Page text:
“Gentlemen’s Leghorn and Straw Hats, Spring and Summer Clothing.

All of which will be sold unusually cheap, for ready pay, on short approved credit.

A nimole sixpence is better than a slow shilling.

A good assortment of Room Paper always on hand.”

“Fonthill, 25th April, 1855.”

Reflect Awhile

If you are an advertiser, you will likely muse a bit over this old ad.

You will get the dates-that of the ad April, and of the paper, five months later. Putting it in front of them while it is fresh evidently was not practiced then.

And you will note what may seem to you the stilted courtesy of the approach, but which was evidently the right lead-off then.

If you are of the fair sex, you will likely consider a space on the dress materials enumerated. If it be that you have journeyed long enough on life’s highway to have worn some of them yourself, “Tarletons, Alapachas, Coubourgs and Calicos will doubtless draw up many a fair picture of yourself thus garbed; or it may be that they will only help recall Mother or Grandmother and their tales of youth.

And the “Dunstable Bonnetal”  Be you woman or man, old or young, that tas of a surety, an alluring sound: and fancy can, but paint some fate, then fair and fresh and young , framed in such bonnet,-a face that today either bears the deeply graven marks of Time or has, ere this, passed into the dust you and all of us must some day reach.

Dunstable Bonnets! Ah me!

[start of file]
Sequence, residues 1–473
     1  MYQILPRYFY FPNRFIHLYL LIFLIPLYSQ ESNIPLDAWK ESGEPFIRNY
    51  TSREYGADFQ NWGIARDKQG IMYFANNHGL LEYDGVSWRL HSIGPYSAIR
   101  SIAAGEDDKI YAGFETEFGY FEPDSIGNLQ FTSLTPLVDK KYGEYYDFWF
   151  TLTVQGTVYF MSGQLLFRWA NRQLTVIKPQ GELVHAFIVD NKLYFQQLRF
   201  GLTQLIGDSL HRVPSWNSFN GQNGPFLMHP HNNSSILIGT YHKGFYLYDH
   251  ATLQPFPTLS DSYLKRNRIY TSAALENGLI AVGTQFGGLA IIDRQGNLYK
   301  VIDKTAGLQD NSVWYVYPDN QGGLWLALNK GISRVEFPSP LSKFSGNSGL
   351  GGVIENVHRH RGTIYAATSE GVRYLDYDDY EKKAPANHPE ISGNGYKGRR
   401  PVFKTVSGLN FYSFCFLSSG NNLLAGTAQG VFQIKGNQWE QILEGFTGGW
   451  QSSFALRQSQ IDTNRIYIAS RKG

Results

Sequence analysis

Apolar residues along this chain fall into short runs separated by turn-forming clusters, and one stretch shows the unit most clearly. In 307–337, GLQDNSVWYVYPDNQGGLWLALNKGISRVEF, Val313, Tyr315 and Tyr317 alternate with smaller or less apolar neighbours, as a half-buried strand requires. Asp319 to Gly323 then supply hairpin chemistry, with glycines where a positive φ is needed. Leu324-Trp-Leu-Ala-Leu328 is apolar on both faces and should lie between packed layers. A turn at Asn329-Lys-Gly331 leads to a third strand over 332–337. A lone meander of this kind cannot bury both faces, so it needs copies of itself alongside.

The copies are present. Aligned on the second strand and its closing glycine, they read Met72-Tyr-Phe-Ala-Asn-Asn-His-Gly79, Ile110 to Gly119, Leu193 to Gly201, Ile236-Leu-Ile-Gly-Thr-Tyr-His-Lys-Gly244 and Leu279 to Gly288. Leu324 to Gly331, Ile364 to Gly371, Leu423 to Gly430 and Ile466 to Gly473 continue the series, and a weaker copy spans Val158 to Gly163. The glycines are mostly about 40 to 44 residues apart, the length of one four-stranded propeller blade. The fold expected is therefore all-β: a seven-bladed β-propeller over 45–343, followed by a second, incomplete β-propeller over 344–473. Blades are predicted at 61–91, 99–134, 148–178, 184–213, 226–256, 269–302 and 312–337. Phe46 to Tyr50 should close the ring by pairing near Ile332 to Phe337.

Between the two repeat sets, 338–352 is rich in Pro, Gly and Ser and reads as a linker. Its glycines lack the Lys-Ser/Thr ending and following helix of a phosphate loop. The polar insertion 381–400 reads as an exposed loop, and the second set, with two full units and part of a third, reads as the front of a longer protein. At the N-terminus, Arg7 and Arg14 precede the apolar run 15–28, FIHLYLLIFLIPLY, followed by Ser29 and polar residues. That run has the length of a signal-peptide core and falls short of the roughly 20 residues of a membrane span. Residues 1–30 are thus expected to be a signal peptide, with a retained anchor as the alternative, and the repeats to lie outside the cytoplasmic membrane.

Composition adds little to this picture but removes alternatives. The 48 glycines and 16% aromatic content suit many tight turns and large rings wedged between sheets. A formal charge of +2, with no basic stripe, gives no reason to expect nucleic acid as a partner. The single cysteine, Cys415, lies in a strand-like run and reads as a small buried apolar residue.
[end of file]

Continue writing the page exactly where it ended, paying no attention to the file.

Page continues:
If you are a mere man, you likely have a dim idea of what a Leghorn Hat looks like; and when you learn that men in those days supposedly rigged themselves out in contraptions along the same sort of lines, you find cause for satisfaction, if you are of the younger generation, that you were not alive to thus gum up the landscape; but if  you are an oldster you probably recall yourself thus arrayed and feel that the handsome and rollicking young buck of those times had the varnished hair sheik of today beat by a mile.

Down Get To Earth

To return to things mundane, you will next read a notice signed by John Frazer, Prov. Warden’s Office, Pelham and dated April, 1854, that all persons are thereby forbid trespassing in any manner upon the Lands known as “The Great Cranberry Marsh, situated principally in the Townships of Crowland, Humberstone and Wainfleet,”and that “such trespassers will be prosecuted as the law provides.”

“Cranberries” must have meant something different then than it does now, as it is presumed that the marsh of today has always been in the hands of Nature alone, and that Man has made no artificial change in the blueberries there garnered.

The next advertisement is of no local interest; it offers for sale a farm in Elgin County on “Talbot Street, the greatest Thoroughfare and general Stage route through Canada West.”-and a continuation of our own Canboro Road.

One advantage cited is the farm being rounded on one side by a good Plank road.

One hundred acres, with small house, barn and large orchard, are offered for $3,000.

You would hardly get an Elgin County farm at that price today.

Nor would the vendor come to Fonthill to advertise it.

Mercy! What Have We Now!

This seems a good time to lay-off for the next advertisement would be banned from the columns of any newspaper today, and it leads to speculation upon the work the professional “reformers” of those times were busy with, for they scotched this evil, all right: they did so.



A Glimpse of Welland Herald of Seventy Years Agone


Welland Was Then Merrittsville

By Frank C. Pitkin

[The Welland Tribune and Telegraph, 7 July 1925]